Village Board members expect to get a design of the new drain work in October or November, at which point they can bid the project out to contractors. The plan now is to break ground in December.

Phase two, which includes the resurfacing work, will then start in October 2018 and is expected to cost $3.5 million, not counting the estimated $800,000 to $900,000 needed to possibly bury the power lines, if the board opts to do that. H2M Architects + Engineers of Melville, the village’s contracted firm for the project, will present two different renderings of Main Street with alternative features like street lights, trees and even a traffic circle, that will be available for public viewing and debate at a village meeting to be held sometime in September.

News that the village has altered its timeline for the Main Street overhaul surprised some shop owners, including those who say they had not heard a peep about the status of the improvements.

“This is August and none of us have heard anything about this—cost, impact, anything,” said Liz Lambrecht, owner of the Impulse for Men shop. “We’re on Main Street, so you think we’d be part of the conversation.”

Additionally, the Village Board is considering taking advantage of the upcoming work, which essentially results in the digging up of Main Street, to see if it makes economic sense to bury the power lines running along the street. Such a proposal has been floated for years, with supporters pointing to the improved aesthetics and opponents worried about how the village would pay for the work.

At this point, the mayor said the board is still waiting on cost estimates before making a decision.

“I’ve always wanted to see if we can bury the power lines,” Ms. Moore said. “The trees need to be chopped, and it’s not just aesthetics—there are power outages and firefighters told me that they have trouble getting to the second floor of buildings because of the lines.”

The mayor noted that she recently attended a meeting with representatives from PSEG Long Island, Verizon and Cablevision, all of whom utilize the poles. She is currently waiting on PSEG for designs and cost estimates.

Once those things are decided, contractors will rip up Main Street and nearby sidewalks, put down new asphalt, sidewalks and curb cuts, and also better align the intersection of Mill Road and Library Avenue. The mayor also noted that one possible remedy now being considered is the installation of a traffic circle near the Rite Aid on Main Street.

Officials will also work on more superficial aspects of Main Street. “The lighting down there is inadequate,” Ms. Moore said. “I’ve been down there at night plenty of times and you can barely see the people crossing into the street. So we want to put in additional lighting, and we’ll move the old decorative lights to Sunset and Mill where we don’t have them, so it’ll be a continuation of the Main Street area.”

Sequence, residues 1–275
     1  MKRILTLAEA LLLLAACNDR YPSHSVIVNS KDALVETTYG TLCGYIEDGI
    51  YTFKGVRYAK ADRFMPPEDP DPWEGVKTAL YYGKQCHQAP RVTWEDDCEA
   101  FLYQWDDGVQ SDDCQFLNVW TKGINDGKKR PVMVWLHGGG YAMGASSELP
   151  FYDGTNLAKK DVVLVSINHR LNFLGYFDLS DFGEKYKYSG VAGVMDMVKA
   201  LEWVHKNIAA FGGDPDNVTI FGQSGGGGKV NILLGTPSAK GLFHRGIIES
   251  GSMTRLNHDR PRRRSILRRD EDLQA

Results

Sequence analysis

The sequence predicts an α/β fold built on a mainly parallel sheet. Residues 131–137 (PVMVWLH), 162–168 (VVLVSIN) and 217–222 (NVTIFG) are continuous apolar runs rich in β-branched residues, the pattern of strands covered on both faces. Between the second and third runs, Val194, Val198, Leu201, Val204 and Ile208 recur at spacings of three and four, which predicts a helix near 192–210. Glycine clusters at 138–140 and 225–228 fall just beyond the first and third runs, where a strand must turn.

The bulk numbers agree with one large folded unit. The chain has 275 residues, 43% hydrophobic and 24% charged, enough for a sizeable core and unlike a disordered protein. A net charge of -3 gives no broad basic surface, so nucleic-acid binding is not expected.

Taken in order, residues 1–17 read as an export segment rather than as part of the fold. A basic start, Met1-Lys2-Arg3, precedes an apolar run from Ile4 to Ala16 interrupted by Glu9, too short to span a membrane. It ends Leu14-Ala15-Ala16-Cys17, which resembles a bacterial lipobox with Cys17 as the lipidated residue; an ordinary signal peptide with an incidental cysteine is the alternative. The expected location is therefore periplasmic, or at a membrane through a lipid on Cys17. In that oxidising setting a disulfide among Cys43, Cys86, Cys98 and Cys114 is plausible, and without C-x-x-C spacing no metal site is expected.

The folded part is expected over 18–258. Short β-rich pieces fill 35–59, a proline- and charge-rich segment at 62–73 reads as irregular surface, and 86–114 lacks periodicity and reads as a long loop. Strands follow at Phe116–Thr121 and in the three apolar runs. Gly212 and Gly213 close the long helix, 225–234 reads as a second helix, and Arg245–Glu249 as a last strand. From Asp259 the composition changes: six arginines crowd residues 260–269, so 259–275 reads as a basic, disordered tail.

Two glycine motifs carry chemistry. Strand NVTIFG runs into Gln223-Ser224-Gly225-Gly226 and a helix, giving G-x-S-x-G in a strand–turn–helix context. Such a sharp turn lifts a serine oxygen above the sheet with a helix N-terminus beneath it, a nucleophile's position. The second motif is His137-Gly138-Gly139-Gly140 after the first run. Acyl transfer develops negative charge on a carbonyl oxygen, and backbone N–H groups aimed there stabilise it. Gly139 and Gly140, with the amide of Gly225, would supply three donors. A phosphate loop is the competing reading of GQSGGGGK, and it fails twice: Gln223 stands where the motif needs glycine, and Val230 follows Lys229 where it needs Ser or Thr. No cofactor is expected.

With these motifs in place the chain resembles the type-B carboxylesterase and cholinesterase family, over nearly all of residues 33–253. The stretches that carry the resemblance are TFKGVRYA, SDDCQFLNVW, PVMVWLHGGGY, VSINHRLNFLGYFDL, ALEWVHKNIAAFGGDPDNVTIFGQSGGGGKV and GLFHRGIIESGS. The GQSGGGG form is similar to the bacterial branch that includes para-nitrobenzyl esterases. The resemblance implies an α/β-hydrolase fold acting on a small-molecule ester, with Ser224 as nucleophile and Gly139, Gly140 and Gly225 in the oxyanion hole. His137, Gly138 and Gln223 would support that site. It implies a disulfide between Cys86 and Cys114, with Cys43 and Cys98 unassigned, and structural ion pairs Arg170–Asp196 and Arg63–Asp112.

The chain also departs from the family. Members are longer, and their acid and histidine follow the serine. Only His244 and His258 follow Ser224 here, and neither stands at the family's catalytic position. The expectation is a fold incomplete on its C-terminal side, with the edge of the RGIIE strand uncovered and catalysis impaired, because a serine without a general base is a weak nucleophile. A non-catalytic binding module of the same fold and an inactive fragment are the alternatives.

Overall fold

Also slated for removal are several dozen trees—Callery pears, Japanese zelkovas, oaks and maples—that line Main Street.

“We got a report that most of the trees are diseased and old—they’ve reached their life expectancy,” she said. “[The pear trees] have only a 15- to 20-year life expectancy. And they also have very weak limbs, so they weren’t the best choice.”

She added that the Bartlett Tree Experts of Southampton, the company that surveyed the trees, said they likely would not survive the construction process anyway. The Village Board, meanwhile, still has not decided what type of replacement trees would eventually be planted.

Paying For The Work

As the specifics of the upcoming work solidify, the Village Board has been searching for grants to mitigate the financial burden. So far, members have secured nearly $1 million in grants, according to officials.

That figure includes $150,000 secured last year, and an additional $250,000 this year, by State Senator Kenneth LaValle, and that money came from a State and Municipal Facilities Program, or SAM, Grant. State Assemblyman Fred Thiele secured a $250,000 SAM Grant as well. The Village Board has also received $75,000 for the curb extensions from Suffolk County’s Downtown Revitalization Grant, and sent out another application for an additional $100,000 for the light fixtures which it hopes to receive in September or October.

In addition, the village has set aside about $1 million in surplus funds that are earmarked for the project. They intend to contribute additional surplus funds, assuming there will be some at the end of the current fiscal year.

The remainder of the money, which is expected to total at least $2.5 million but could be more, will have to be financed with a multi-year bond, according to the mayor. “I’m sure that the interest rate will be very low for us since we just had our Moody’s rating upgraded since we were conservative in our spending,” Ms. Moore said. The village’s bond rating was upgraded from Aa2 to Aa1 in December, which should allow the village to borrow money at lower interest rates.